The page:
Polymers are high molecular mass molecules consisting of repeating units known as monomers that are linked by covalent chemical bonds. At the beginning of a batch type process the content of the reactor has a low viscosity and primarily consists of monomers.
Once heat and/or a catalyst are introduced, the process of polymerization begins and viscosity becomes higher. Viscosity is an indirect way of quantifying the molecular mass of polymers.
Figure 1. Simplified polymerization principle.
Phenolic resins are commonly made for paper impregnation and gluing. They provide exceptional product features regarding material resistance and toughness, but the conditions of its production are challenging due to its reaction process.
Batches are never precisely the same because the range of ingredients are sourced from multiple suppliers. Every batch is weighed prior to mixing and then a reactor is used to heat them for a production cycle.
The viscosity and temperature of the solution are important parameters throughout this cycle. As the reaction is exothermic, heating will continue even after the heating process has stopped.
The heating process involves distinct phases and has highly sensitive viscosity and temperature values that must be monitored. If the resin becomes hard and a discrepancy arises, an unusable product is not the only consequence, but also possible damage to the reactors and pipes.
- If the exothermic phenolic resin polymerization reaction happens too quickly, it causes:
- Polymer hardening (making it impossible to halt the reaction)
- Poor polymer quality (heterogeneous)
This results in significant wastage of raw material, lengthy downtime for complex maintenance, delivery delays, additional labor costs, and may require enormous replacement costs.
- If the reaction is too slow, the consequence is:
- Lack of final product (the product fails to meet specifications)
- Low productivity (energy consumption and loss of time)
- Viscosity is a physical feature of the product and the reaction must cease precisely when the necessary viscosity has been achieved. When this happens:
- The product can be stocked (methylmethacrylate, polyisobutylene, polyurethane, polystyrene, glues, and resins)
- The product is ready to be utilized (extruded, molded, laminated)
The challenges related to viscosity in batch process polymerization are:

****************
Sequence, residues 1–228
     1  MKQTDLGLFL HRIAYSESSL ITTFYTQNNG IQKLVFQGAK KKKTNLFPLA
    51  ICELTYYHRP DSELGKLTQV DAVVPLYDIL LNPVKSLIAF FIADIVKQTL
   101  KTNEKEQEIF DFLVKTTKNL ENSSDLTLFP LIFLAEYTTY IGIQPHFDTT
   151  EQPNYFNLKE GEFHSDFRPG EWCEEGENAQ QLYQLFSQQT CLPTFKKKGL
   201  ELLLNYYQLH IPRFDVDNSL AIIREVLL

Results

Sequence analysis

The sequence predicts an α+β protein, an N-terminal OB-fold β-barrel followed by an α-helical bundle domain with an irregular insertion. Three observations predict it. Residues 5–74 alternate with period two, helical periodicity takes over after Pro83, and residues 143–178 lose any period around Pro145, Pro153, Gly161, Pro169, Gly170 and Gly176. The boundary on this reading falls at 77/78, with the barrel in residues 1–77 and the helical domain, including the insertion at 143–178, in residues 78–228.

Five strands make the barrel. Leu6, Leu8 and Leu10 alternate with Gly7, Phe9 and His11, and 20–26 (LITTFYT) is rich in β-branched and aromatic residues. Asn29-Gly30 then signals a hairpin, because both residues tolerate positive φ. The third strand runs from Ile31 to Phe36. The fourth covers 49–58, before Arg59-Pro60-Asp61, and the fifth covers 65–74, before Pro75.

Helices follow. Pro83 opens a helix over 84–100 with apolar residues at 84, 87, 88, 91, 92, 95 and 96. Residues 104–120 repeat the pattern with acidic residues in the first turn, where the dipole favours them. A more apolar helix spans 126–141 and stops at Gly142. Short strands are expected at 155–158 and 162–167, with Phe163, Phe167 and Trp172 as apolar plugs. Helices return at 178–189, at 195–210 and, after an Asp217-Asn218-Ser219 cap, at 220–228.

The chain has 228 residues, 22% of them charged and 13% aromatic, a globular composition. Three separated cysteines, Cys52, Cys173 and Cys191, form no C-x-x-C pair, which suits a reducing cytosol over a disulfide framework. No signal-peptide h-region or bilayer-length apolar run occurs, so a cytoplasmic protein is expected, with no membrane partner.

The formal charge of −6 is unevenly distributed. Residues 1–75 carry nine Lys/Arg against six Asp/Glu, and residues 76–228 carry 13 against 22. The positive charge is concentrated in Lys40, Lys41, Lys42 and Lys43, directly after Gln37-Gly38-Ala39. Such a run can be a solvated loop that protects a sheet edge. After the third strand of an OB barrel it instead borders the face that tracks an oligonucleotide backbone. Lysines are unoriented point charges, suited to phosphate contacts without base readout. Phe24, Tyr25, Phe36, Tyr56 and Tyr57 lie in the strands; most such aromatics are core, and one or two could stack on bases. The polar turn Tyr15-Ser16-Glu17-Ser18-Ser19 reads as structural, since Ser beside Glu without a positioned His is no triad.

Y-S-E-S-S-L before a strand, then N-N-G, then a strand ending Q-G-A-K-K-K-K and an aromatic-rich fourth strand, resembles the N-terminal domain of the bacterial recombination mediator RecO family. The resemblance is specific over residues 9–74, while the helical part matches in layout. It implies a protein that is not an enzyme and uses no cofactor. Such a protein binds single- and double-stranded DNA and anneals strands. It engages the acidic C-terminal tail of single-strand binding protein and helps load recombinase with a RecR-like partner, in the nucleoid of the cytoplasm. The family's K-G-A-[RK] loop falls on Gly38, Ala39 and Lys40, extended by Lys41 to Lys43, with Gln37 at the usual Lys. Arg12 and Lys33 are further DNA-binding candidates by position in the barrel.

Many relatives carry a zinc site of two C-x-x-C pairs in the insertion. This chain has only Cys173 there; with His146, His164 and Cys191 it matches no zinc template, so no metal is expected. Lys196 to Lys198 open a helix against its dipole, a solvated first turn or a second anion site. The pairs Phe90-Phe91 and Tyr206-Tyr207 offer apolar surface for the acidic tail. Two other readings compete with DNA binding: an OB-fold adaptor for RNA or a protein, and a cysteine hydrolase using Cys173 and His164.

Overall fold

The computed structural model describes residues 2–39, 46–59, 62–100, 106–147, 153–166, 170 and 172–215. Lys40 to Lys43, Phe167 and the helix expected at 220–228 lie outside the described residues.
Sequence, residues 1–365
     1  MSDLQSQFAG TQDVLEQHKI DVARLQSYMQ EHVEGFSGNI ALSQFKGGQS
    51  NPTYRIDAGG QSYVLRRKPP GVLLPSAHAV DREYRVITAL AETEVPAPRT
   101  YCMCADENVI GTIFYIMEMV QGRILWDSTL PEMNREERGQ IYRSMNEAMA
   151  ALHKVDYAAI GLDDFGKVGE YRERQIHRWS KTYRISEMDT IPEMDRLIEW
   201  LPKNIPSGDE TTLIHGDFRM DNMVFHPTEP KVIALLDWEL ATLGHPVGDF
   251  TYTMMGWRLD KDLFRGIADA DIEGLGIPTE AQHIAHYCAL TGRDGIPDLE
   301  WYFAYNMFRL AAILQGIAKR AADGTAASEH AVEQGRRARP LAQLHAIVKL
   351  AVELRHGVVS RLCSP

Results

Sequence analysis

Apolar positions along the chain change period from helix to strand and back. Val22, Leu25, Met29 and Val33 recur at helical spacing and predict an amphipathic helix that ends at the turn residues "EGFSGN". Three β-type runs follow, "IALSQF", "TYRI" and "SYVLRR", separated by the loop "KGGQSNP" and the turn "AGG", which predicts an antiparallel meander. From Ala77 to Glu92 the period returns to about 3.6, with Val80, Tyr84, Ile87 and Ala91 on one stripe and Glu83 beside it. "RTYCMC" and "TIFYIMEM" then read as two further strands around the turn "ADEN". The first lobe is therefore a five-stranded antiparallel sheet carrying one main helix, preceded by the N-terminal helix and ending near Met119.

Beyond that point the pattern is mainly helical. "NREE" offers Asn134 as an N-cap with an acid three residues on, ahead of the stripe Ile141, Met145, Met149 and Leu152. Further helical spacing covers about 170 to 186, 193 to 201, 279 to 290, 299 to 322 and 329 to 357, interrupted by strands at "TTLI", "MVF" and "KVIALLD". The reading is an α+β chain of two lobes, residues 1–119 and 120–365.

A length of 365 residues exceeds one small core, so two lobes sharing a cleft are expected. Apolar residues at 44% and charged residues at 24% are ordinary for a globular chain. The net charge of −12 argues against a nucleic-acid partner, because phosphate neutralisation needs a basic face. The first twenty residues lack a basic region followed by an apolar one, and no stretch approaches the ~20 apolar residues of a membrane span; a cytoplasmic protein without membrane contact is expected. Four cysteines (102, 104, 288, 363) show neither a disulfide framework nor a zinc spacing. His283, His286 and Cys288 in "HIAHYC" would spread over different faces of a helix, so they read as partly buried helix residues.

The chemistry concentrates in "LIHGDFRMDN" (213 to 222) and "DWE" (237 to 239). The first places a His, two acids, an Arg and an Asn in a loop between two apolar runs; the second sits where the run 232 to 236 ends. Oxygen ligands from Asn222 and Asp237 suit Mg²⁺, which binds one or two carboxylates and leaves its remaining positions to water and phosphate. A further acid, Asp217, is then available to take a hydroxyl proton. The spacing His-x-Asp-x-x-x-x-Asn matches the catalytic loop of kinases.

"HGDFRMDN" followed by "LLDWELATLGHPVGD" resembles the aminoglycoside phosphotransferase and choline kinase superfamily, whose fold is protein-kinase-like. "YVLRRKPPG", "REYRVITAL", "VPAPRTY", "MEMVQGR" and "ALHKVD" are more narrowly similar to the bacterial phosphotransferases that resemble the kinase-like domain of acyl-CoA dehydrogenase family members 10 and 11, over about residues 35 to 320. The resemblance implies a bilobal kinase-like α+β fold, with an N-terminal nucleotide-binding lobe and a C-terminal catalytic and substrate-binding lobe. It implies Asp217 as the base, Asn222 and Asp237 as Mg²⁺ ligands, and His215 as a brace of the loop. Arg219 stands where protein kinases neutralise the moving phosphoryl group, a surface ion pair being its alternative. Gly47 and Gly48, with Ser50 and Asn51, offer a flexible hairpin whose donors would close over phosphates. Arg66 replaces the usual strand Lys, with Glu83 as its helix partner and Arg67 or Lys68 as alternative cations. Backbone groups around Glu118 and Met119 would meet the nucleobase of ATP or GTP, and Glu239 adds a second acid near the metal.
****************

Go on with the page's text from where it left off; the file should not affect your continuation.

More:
- Reaction start detection
- Control of raw materials
- Quantification of molecular weight
- Polymerization speed control
- Reaction end-point identification
- Chain-length characterization
- Polymer dilution control
- Finished product quality control
Installing an inline MIVI process viscometer provides simple observation of the endpoint of the polymerization reaction. It assists in the identification of the ideal temperature and viscosity parameters, and avoids mass solidification.
The Sofraser MIVI sensor can be simply installed:
- In an immersion tube
- On a reactor wall
- On a bypass loop
The controller or electronics enables the operator to observe, in real-time, the temperature and viscosity values and to monitor safe and accurate batch process operations.
Figure 2. Onsite installation directly on the reactor wall.
Figure 3. Operation diagram of a MIVI sensor on a semi-batch MMA/MA solution copolymerization reactor system. Image Credit: School of Chemical Engineering and Institute of Chemical Processes, Seoul National University.
Thanks to its specific raw signal versus viscosity response the MIVI sensor offers a high degree of sensitivity at low viscosity combined with a very broad measurement range.
Figure 4. Response curve of a MIVI sensor for polymerization monitoring
This specificity allows the MIVI sensor to monitor the polymerization batch from the beginning to the end point.
Figure 5. MIVI viscometer capabilities.
Key Product Characteristics
- Reliable and repeatable
- Good sensitivity at low viscosity in combination with a high full-scale range
- No drift over time, no maintenance, and no wearing parts
- Simple installation with a range of mounting positions
- Ex-proof certifications
- Temperature probe
- Alarms for control and resistance to overshoots
- High pressure
- Several different coatings for corrosive materials
This information has been sourced, reviewed and adapted from materials provided by SOFRASER.
For more information on this source, please visit SOFRASER.